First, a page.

Professor Nair graduated with a Bachelor of Medicine/Bachelor of Surgery in India in 1973 and a Graduate Diploma in Epidemiology (Clinical Epidemiology) from the University of Newcastle in 1995. He is a fellow of the Royal College of Physicians in Glasgow, Ireland, Edinburgh and of the Royal Australasian College of Physicians. In leading the evolution of professional medical development in his field, Professor Nair has advanced the study and practise of geriatric medicine. He was the first in Australia to pilot a multidisciplinary learning unit focusing on elderly patient care and in 2001/2002 he led the ‘Maggie Project’ in Newcastle, a program designed to improve the quality of care provided to hospitalised elderly patients. Its success led to the establishment of similar programs across NSW. Professor Nair is foundation Chair of the Hunter Ageing Research Group. In 2009 he was awarded the Order of Australia for service to medicine and to medical education through the development of undergraduate and professional programs and as a geriatrician.



staff The Honourable KEVIN LINDGREN QC AM Doctor of Law 1997, Doctor of Philosophy 1973, Master of Arts 1968, Bachelor of Arts 1962

Emeritus Scientia Professor EUGENIE LUMBERS AM Professor, School of Biomedical Science and Pharmacy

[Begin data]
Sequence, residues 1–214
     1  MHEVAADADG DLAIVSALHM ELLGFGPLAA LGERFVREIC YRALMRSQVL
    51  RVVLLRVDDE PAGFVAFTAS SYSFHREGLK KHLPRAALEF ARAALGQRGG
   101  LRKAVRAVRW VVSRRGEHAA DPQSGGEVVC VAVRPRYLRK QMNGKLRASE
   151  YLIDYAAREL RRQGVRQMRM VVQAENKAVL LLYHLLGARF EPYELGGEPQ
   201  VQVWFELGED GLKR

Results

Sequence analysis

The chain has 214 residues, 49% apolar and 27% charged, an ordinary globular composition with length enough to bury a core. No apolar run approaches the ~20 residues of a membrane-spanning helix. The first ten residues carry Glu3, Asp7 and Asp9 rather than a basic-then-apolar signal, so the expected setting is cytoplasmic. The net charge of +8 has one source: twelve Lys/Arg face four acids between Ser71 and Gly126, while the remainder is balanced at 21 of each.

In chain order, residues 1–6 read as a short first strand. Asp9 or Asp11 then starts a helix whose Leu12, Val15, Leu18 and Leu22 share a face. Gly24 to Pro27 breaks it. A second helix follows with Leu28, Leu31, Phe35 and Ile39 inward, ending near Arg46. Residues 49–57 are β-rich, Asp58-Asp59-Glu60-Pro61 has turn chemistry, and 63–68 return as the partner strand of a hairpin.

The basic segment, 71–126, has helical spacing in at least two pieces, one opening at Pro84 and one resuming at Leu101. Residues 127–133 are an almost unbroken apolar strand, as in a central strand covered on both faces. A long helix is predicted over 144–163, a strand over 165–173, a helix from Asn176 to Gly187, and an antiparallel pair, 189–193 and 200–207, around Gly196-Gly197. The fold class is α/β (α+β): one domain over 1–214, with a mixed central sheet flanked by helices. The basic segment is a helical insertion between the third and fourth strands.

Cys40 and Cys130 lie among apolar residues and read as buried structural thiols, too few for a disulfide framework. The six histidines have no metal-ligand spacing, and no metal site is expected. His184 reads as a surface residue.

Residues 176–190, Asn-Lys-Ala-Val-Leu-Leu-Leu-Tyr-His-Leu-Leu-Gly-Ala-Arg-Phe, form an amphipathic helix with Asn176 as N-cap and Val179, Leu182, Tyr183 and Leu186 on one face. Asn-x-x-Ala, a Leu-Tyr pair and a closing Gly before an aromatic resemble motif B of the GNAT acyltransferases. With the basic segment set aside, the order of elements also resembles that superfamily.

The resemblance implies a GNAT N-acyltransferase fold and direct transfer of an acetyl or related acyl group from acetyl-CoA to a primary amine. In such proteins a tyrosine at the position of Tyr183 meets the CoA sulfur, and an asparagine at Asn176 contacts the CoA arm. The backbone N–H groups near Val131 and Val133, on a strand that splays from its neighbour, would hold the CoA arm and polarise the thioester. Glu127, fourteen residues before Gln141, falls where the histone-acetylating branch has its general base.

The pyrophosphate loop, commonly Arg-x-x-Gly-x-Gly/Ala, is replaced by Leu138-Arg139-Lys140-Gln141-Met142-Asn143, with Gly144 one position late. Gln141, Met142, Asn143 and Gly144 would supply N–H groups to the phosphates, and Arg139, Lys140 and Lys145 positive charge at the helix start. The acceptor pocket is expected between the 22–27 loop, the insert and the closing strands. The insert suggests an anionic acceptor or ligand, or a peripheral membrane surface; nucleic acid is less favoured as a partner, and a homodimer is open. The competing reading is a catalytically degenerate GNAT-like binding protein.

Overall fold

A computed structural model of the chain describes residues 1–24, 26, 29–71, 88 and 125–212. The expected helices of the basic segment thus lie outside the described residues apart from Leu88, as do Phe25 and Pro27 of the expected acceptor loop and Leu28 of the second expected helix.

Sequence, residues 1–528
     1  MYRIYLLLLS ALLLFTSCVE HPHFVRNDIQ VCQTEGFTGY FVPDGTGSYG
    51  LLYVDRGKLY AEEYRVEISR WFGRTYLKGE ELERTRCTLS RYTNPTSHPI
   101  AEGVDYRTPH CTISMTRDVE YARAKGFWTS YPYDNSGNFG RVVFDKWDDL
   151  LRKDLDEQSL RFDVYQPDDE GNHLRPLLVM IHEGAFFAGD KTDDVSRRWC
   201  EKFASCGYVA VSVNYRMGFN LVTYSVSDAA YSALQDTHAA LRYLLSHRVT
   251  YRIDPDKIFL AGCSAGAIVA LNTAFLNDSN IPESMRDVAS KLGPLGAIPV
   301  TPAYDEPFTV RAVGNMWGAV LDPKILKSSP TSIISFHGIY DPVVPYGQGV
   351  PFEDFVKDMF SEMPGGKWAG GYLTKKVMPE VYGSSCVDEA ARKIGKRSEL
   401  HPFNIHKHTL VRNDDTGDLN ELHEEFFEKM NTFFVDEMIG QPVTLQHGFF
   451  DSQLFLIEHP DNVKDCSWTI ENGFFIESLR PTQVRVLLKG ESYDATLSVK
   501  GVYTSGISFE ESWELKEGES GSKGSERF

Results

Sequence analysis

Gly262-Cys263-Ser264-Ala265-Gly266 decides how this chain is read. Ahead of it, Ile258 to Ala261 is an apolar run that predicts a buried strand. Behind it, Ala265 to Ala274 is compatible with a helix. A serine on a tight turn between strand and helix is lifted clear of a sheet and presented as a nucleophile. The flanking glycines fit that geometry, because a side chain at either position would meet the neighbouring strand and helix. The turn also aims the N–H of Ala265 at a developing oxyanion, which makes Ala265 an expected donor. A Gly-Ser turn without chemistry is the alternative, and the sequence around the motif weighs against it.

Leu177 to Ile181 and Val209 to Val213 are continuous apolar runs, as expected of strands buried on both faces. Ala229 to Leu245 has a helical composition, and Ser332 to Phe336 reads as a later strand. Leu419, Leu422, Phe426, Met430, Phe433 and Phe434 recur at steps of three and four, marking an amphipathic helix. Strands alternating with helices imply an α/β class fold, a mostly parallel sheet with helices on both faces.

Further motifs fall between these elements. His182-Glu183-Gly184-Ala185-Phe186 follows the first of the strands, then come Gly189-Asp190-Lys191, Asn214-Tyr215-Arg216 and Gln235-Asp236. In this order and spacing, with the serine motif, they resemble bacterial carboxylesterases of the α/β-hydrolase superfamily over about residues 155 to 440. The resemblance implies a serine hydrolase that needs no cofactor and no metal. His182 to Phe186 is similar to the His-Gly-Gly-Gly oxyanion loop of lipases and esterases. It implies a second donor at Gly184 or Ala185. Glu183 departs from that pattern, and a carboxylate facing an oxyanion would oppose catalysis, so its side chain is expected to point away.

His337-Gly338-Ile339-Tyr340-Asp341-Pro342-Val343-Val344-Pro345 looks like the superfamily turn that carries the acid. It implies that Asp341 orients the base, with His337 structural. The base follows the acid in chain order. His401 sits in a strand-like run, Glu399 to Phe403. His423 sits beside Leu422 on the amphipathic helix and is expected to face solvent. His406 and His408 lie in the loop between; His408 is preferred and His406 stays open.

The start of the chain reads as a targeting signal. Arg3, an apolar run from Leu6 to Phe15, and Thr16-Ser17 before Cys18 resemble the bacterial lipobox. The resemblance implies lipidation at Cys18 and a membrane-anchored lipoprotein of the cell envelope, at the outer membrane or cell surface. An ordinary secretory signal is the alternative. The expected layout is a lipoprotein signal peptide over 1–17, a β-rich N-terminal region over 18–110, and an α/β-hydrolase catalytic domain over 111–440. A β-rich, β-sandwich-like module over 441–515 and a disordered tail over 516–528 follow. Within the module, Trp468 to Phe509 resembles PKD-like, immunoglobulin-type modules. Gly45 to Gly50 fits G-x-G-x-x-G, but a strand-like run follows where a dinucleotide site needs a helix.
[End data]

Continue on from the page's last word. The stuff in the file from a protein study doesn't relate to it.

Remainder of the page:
For service to the judiciary and the administration of justice through the Federal Court of Australia, and to legal education in the area of commercial law. See page 20 regarding the 2012 Sir Ninian Stephen lecture, presented by Kevin Lindgren.

For service to the medical sciences in the fields of physiology and pharmacology as a researcher, academic and administrator, and to the community.



Master of Medical Science (Clinical Epidemiology) 2003

Department of Surgical Oncology, University of Newcastle, Calvary Mater Newcastle

PUBLIC SERVICE MEDAL For outstanding public service to Queensland Health, particularly in the areas of infectious diseases and clinical education.


MEMBER IN THE GENERAL DIVISION OF THE ORDER OF AUSTRALIA For service to medicine in the field of breast cancer research, to the development of improved clinical practice standards, and to the community. Conjoint Professor PETER HANSEN OAM

Bachelor of Education 1981

Conjoint Professor, School of Architecture and Built Environment



For service to education through the development and national delivery of the Science and Engineering Challenge.

For service to the building and construction industry, and to the community.



Bachelor of Engineering 1965

Conjoint Senior Lecturer, School of Medicine and Public Health

MEDAL OF THE ORDER OF AUSTRALIA IN THE GENERAL DIVISION For service to the building and construction industry.

Mr DOUGLAS DEAN AM Bachelor of Commerce 1976 MEMBER IN THE GENERAL DIVISION OF THE ORDER OF AUSTRALIA For service to business and commerce through the development and provision of sustainable waste management and resource recovery solutions, and to the community.